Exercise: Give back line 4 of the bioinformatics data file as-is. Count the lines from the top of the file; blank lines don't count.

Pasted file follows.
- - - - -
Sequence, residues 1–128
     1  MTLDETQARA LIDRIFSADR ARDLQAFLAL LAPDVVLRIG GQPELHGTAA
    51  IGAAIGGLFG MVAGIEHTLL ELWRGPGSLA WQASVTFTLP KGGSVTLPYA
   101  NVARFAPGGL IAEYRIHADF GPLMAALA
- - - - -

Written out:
   101  NVARFAPGGL IAEYRIHADF GPLMAALA